in any direction. Push the ball down, and it springs back to its equilibrium position;
push it sideways, and it rapidly returns to its original position in the center of the jet.
In the vertical direction, the weight of the ball is balanced by a force due to pressure
differences: the pressure over the rear half of the sphere is lower than over the front
half because of losses that occur in the wake (large eddies form in the wake that dissipate
a lot of flow energy). To understand the balance of forces in the horizontal direction,
you need to know that the jet has its maximum velocity in the center, and the velocity of
the jet decreases towards its edges. The ball position is stable because if the ball
moves sideways, its outer side moves into a region of lower velocity and higher pressure,
whereas its inner side moves closer to the center where the velocity is higher and the
pressure is lower. The differences in pressure tend to move the ball back towards the
center.
Example 3
Suppose a ball is spinning clockwise as it travels through the air from left to right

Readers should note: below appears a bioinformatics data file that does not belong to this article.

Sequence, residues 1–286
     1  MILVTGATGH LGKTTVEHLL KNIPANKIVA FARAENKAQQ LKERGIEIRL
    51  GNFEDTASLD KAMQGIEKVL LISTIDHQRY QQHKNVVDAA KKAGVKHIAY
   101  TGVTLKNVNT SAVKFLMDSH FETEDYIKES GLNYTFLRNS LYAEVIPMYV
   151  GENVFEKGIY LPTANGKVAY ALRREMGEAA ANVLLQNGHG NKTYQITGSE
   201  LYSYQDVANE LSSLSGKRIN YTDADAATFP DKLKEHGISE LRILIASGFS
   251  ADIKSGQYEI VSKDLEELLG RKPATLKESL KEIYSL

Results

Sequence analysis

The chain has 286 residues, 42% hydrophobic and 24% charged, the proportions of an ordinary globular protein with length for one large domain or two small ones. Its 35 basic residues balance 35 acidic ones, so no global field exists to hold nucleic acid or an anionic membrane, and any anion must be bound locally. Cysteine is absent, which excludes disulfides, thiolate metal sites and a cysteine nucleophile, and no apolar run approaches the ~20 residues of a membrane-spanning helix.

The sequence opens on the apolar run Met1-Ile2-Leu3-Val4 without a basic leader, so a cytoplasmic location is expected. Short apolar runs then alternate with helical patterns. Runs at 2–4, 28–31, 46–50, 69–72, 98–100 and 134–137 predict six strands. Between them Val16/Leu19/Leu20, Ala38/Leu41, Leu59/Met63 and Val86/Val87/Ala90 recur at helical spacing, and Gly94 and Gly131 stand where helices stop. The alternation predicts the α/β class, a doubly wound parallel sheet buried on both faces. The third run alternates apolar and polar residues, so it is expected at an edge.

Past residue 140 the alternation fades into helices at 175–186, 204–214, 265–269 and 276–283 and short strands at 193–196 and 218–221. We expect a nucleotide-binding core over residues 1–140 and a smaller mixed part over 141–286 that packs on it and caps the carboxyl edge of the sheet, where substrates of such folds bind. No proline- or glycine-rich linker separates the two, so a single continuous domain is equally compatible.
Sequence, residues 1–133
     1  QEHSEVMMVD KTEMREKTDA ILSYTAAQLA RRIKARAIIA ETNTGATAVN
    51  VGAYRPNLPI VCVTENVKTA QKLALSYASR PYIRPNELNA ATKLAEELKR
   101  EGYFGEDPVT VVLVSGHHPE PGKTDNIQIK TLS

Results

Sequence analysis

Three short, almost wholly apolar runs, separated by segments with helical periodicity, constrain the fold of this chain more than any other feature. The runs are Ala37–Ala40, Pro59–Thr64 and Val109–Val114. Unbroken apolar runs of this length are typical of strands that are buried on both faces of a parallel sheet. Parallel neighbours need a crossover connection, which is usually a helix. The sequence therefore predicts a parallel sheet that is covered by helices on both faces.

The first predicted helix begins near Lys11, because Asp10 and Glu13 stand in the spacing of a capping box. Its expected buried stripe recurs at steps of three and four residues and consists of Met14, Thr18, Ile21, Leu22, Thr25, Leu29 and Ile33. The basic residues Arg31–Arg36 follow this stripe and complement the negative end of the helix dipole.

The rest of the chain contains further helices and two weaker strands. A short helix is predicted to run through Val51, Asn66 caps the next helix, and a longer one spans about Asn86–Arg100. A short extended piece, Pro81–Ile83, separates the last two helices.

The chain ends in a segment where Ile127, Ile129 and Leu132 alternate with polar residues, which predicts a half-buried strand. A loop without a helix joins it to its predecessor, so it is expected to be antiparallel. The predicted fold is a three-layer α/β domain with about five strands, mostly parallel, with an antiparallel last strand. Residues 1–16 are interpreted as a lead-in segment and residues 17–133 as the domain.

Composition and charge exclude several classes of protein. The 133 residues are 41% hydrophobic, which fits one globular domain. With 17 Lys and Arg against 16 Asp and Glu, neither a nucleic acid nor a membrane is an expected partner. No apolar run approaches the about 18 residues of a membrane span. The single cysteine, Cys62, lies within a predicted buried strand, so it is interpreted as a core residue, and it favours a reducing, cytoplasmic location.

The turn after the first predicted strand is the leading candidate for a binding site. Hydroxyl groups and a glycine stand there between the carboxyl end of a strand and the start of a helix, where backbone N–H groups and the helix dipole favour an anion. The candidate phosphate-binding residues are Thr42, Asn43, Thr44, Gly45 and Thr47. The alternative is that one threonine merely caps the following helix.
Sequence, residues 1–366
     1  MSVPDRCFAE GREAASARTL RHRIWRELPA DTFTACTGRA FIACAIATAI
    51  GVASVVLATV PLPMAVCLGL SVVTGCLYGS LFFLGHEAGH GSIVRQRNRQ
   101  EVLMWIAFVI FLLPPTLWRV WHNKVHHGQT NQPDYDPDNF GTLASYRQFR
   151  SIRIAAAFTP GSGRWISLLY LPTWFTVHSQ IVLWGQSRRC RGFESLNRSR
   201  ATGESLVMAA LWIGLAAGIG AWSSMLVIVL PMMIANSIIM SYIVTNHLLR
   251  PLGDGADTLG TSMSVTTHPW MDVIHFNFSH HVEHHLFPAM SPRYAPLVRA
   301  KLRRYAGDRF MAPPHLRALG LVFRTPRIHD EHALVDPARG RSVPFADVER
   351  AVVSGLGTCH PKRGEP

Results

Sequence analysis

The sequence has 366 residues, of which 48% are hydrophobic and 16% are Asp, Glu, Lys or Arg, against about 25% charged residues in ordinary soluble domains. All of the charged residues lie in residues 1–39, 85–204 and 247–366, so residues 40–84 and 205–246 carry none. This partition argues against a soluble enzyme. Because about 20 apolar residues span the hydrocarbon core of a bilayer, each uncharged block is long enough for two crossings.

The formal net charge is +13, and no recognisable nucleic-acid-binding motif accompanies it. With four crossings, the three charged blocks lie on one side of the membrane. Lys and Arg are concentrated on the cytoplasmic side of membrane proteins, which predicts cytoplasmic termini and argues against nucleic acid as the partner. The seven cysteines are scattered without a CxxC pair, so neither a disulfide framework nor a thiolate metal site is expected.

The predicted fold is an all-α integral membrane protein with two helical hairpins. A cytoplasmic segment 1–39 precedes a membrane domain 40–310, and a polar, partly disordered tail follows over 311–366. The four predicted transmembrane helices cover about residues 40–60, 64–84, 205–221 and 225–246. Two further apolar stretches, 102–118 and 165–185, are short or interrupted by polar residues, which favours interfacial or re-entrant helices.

The forces acting on the spinning ball would be the same if it
was placed in a stream of air moving from right to left, as
shown in figure 15.


Figure 15. Spinning ball in an airflow.

A thin layer of air (a boundary layer) is forced to spin with the ball
because of viscous friction. At A the motion due to spin is opposite to that of the
air stream, and therefore near A there is a region of low velocity where the pressure
is close to atmospheric. At B, the direction of motion of the boundary layer is the
same as that of the external air stream, and since the velocities add, the pressure in
this region is below atmospheric. The ball experiences a force acting from A to B,
causing its path to curve. If the spin was counterclockwise, the path would
have the opposite curvature. The appearance of a side force on a spinning sphere or
cylinder is called the Magnus effect, and it well known
to all participants in ball sports, especially baseball, cricket and tennis players.
Stagnation pressure and dynamic pressure
Bernoulli's equation leads to some
interesting conclusions regarding the variation of pressure along a streamline.
Consider a steady flow impinging on a perpendicular plate
(figure 16).


Figure 16. Stagnation point flow.

There is one streamline that
divides the flow in half: above this streamline all the flow goes over the plate, and
below this streamline all the flow goes under the plate. Along this dividing streamline,
the fluid moves towards the plate. Since the flow cannot pass through the plate, the